Hill area should be preserved as World Heritage site, says ex-MP

Hill area should be preserved as World Heritage site, says ex-MP

8 August 2018

THE historic Hill of Down in Downpatrick should be designated a UNESCO World Heritage site, according to former South Down MP Margaret Ritchie.

Her call comes after archaeologists from Queen’s University Belfast unearthed 12 skeletons beside the site of an ancient monastery close to St Patrick’s grave.

The 700 year-old remains were first thought to have belonged to Benedictine monks, but further unexpected discoveries including women and children mean an ancient community burial site may have been found.

Miss Ritchie said the discovery of the possible medieval burial site shows there is “significant heritage going back centuries on the Hill of Down site”. 

And she is urging Newry, Mourne and Down Council to work with relevant authorities in Belfast, London and Dublin to ensure this happens.

The skeletons were the latest to be revealed at the Cathedral after an earlier discovery in March during digging in preparation of the installation of a replica of St Patrick’s Cross.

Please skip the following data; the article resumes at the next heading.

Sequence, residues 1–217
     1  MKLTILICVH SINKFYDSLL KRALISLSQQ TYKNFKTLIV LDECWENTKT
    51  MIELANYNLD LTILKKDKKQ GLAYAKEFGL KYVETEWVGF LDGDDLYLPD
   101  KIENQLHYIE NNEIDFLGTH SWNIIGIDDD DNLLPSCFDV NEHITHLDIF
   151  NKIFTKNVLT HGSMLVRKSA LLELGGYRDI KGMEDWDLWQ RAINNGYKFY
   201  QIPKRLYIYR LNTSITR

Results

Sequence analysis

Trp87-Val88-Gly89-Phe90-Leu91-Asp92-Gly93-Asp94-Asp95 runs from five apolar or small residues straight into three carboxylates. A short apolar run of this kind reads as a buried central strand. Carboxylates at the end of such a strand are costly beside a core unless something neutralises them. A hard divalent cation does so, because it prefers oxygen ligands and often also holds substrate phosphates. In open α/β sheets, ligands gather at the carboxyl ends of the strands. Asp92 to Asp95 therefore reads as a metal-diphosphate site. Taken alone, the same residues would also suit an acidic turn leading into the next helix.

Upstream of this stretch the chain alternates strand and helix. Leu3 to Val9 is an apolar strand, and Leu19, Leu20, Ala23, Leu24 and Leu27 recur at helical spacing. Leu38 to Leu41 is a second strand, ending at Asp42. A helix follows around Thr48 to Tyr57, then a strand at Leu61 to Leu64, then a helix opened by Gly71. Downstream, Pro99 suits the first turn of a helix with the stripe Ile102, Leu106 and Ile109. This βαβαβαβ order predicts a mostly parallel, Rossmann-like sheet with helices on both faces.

It is believed the remains may date as far back as the 14th and 15th century.

While it was initially believed the remains were Benedictine monks, it is now thought the area may have been a community burial ground but it will take several months of investigation and testing at Queen’s in Belfast before that can be finally confirmed, according to excavation director Brian Sloan.

“The examined remains will be treated with respect,” he said. “They’re not just bones, they’re people: Someone’s mother, father, son or daughter,” he told BBC NI.

“They’ll be studied to try and determine the age at death, any pathology that indicates how they died or lived. Then they’ll come back to the site. The Dean here has very kindly offered the cathedral for reburial.”

Mr Sloan said that he believed that this discovery was “only the tip of an iceberg” due to what the excavation had already uncovered in such a small area. 

Ms Ritchie pointed out to the evidence from Nick Brannon’s dig in the 1980s and the Tony Robinson ‘Time Team’ digs of 2006 in support of Mr Sloan’s claim. 

“All of this instructive information about this site confirms for me that the Hill of Down site should be an UNESCO World Heritage site, which would not only enhance the area, but also encourage more visitors with increased revenue for local businesses and our economy,” she continued.

“These latest discoveries following investigations will prove beyond doubt the nature of life, both religious and community, how they lived and for how long, what they ate, how they survived and how they protected themselves from armed invaders.”

Miss Ritchie added: “I look forward to such outcomes and hope that the local museum will be able to document them.”

The former MP said special congratulations must go to Dean Henry Hull, Dr Mike King from the Down County Museum and to Mr Sloan and the archaeologists from Queen’s University Belfast in allowing this work to take place and in enabling an increase of the knowledge of this site where digging has resumed.